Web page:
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Project advocates against violations of incarcerated women’s rights in Pernambuco

Funded by CESE’s Small Projects Programme, Liberta Elas (Set Them Free) collective constructs networks for non-violence against women in prison

The majority presence of male prison officers in Pernambuco’s female prisons leads to recurring violence and rights violations against women deprived of their liberty.  The Liberta Elas (Set Them Free) collective noticed the existing disparities in prison units and decided to advocate for the implementation of, primarily, the Penal Enforcement Law, followed by the Pernambuco Penitentiary Code, which prohibit the presence of male prison officers in female prisons.

The legal foundations also depend on article 51 of the Pernambuco Penitentiary Code, (Law 15,755, 2016), which establishes the need for a governor’s decree to regulate this issue.  The collective’s project “Constructing networks for non-violence against women in prison”, funded by CESE’s Small Projects Programme, was established to work directly on this issue.

According to Clarissa Trevas, a member of the organization, male officers are in the majority in the female prison system, particularly taking on the role of Head of Security. “It’s not only during visits when it’s clear that male prison officers move around the cells, but they are heads of security too.  So far, in my experience at Liberta Elas, I have only met one female prison officer,” she added.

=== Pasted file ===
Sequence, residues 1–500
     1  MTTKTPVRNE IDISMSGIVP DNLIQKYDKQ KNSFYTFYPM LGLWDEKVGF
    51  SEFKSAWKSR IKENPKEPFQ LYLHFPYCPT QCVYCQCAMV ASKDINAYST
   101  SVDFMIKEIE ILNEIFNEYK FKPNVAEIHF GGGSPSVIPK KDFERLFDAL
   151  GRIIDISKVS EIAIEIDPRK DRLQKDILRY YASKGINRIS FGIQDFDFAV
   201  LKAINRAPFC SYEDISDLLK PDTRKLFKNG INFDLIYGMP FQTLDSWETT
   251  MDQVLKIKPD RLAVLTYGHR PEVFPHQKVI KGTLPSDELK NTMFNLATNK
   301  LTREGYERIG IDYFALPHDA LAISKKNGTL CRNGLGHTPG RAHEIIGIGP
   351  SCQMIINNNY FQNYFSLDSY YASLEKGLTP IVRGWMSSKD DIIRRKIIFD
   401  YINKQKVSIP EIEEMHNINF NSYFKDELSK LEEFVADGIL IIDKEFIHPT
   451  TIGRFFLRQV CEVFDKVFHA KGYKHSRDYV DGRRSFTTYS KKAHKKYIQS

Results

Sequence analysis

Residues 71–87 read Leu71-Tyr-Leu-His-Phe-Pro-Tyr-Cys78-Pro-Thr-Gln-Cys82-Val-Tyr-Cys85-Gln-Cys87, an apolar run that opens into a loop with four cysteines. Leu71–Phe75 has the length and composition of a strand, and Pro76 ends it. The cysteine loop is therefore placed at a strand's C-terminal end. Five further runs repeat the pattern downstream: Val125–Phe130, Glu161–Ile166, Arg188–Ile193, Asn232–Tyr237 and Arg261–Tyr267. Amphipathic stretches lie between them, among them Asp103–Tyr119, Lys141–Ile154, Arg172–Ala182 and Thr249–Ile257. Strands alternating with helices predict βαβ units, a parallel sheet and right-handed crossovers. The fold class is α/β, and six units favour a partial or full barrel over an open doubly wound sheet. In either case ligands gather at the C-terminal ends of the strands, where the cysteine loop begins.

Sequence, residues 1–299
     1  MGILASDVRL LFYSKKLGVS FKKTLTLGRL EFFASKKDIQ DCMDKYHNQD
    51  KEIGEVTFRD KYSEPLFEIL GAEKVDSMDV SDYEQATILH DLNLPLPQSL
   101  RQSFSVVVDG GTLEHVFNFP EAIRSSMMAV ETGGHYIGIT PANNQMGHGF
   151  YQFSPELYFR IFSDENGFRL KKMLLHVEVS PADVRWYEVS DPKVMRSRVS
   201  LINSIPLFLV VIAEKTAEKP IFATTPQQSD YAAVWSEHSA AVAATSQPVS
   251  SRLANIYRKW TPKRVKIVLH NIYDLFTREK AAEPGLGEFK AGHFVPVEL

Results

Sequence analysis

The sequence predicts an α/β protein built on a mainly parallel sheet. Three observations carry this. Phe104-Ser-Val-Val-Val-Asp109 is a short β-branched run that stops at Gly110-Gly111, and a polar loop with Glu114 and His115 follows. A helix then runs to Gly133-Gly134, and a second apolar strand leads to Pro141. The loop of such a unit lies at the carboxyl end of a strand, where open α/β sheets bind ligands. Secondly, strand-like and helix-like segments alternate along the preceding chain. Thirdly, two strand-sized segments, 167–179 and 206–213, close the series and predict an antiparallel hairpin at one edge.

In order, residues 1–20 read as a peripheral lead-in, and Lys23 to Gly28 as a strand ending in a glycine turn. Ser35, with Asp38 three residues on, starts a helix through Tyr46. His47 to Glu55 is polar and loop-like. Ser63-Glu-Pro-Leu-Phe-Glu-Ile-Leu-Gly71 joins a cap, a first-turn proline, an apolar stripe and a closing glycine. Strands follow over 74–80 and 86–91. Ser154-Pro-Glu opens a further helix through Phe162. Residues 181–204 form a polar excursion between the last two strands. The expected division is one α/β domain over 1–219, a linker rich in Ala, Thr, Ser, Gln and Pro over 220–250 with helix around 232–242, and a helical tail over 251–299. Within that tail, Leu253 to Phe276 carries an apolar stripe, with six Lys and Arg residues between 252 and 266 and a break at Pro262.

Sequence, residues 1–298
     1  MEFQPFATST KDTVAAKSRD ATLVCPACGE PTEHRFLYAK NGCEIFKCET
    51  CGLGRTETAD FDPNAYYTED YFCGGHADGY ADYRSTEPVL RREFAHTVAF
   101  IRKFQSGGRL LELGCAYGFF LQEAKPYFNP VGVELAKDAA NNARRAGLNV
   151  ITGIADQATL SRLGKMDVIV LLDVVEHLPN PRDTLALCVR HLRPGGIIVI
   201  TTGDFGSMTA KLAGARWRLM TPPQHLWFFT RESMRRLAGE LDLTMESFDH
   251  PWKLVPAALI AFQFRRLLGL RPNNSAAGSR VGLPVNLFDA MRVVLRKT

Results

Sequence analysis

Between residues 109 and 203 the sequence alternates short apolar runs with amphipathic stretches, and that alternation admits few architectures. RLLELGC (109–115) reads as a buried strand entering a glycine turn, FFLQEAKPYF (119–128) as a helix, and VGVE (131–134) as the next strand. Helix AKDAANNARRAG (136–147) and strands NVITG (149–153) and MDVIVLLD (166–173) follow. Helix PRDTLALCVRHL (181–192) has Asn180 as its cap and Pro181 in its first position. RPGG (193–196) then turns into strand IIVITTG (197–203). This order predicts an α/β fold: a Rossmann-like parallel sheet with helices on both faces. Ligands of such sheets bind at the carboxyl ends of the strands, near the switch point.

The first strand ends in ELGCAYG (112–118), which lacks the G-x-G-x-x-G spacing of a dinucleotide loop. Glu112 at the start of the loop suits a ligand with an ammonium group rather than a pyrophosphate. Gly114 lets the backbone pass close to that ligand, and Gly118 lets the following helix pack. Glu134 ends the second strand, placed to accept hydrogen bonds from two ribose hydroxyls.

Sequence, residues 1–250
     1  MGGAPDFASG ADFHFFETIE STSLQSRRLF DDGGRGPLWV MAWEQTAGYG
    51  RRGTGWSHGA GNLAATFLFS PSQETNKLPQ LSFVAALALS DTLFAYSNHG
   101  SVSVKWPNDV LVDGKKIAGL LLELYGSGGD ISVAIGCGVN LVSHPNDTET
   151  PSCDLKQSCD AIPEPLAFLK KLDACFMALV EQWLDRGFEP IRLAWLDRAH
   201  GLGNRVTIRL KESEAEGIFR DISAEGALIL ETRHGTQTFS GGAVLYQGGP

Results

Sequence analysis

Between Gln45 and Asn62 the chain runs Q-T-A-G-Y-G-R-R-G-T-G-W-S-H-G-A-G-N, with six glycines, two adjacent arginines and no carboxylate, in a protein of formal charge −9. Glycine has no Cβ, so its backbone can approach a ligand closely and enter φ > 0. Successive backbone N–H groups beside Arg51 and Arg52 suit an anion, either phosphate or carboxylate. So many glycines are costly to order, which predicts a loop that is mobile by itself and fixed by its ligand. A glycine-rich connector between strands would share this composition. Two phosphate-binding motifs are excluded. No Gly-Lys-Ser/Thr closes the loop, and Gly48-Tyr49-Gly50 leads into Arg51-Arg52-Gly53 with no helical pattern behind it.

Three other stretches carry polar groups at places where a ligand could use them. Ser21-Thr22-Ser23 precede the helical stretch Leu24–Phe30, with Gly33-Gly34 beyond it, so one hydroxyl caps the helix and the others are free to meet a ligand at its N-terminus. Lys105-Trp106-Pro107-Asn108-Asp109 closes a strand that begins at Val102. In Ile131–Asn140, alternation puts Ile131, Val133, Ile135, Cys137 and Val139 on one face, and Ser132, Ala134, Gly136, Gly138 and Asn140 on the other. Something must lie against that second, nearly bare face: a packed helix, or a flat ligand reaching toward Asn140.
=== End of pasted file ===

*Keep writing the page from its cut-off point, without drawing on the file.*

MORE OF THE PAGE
The activist explained that legislation exists in Pernambuco in the form of the Pernambuco Penitentiary Code. “The Penitentiary Code contains an assertion that the team of officers within female prison units should be made up of women, however, there is no law explaining how this should work.”

For this reason, a governor’s decree is required to regulate and delineate the minimum and maximum percentage of male prison officers in female units. “The absence of this decree means that they fail to comply with both State Legislation, in the form of the Penitentiary Code, and the Penal Enforcement Law, both of which speak of the need for female prison officers within female prisons,” Trevas added.

Women in Prison – there are various reports of incarcerated women who have been the victims of harassment, threats, and physical, psychological and sexual violence. “Many women have described their vulnerability in relation to male prison officers: they do not feel safe, they have experienced violence from these officers, or they have heard talk of it happening to someone else.  The state commits other acts of violence within the prison system – these are not that different from the national prison system, which is marked by an unhealthy environment: it is not big enough to house all the women, it does not provide sufficient food, or water for drinking or bathing, it is overcrowded.  There are so many people in the same cell that they need to take turns to use the beds, because there aren’t enough mattresses for the women to sleep on at the same time.”

Within the scenario in the prison system of the multiple violations of people’s rights and basic conditions, it is important to add the marker of race: according to data collected by Liberta Elas, 86% of women serving time in the state are black or mixed race; 45% are young and 56% have not completed their Primary Education.  Another number that stands out is the fact that 54% of women who are imprisoned in Pernambuco have not been sentenced – in other words they have been incarcerated for months or even years, without being found guilty and sentenced.